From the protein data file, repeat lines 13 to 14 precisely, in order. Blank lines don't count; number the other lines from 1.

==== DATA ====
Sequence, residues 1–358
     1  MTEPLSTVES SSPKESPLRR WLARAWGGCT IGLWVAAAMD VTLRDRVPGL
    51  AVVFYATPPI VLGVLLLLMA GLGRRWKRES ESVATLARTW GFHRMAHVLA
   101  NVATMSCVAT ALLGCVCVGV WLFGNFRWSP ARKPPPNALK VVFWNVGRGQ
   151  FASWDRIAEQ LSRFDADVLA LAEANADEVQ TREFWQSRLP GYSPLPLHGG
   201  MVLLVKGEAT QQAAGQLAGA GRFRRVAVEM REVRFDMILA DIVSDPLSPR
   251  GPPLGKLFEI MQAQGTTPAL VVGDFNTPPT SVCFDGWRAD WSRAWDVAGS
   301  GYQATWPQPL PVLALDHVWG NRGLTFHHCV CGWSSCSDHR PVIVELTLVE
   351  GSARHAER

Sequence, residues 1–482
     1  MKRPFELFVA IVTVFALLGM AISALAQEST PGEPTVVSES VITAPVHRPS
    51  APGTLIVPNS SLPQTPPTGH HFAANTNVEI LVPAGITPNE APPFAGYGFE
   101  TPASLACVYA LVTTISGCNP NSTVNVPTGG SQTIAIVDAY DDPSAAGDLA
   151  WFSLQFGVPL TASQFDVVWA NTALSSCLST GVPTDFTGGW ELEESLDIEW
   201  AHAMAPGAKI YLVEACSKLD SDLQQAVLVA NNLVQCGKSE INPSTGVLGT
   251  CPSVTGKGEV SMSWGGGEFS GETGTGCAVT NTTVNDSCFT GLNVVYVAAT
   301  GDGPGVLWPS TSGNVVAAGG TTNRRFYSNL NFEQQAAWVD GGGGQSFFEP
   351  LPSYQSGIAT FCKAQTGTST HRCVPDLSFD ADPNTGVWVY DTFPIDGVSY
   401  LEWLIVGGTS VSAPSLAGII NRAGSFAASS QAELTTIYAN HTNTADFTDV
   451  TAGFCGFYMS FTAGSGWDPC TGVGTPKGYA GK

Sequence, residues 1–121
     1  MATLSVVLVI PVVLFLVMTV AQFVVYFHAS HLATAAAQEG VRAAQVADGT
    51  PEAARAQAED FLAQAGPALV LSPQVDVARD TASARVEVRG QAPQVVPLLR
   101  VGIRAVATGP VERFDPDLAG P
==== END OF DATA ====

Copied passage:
   101  TPASLACVYA LVTTISGCNP NSTVNVPTGG SQTIAIVDAY DDPSAAGDLA
   151  WFSLQFGVPL TASQFDVVWA NTALSSCLST GVPTDFTGGW ELEESLDIEW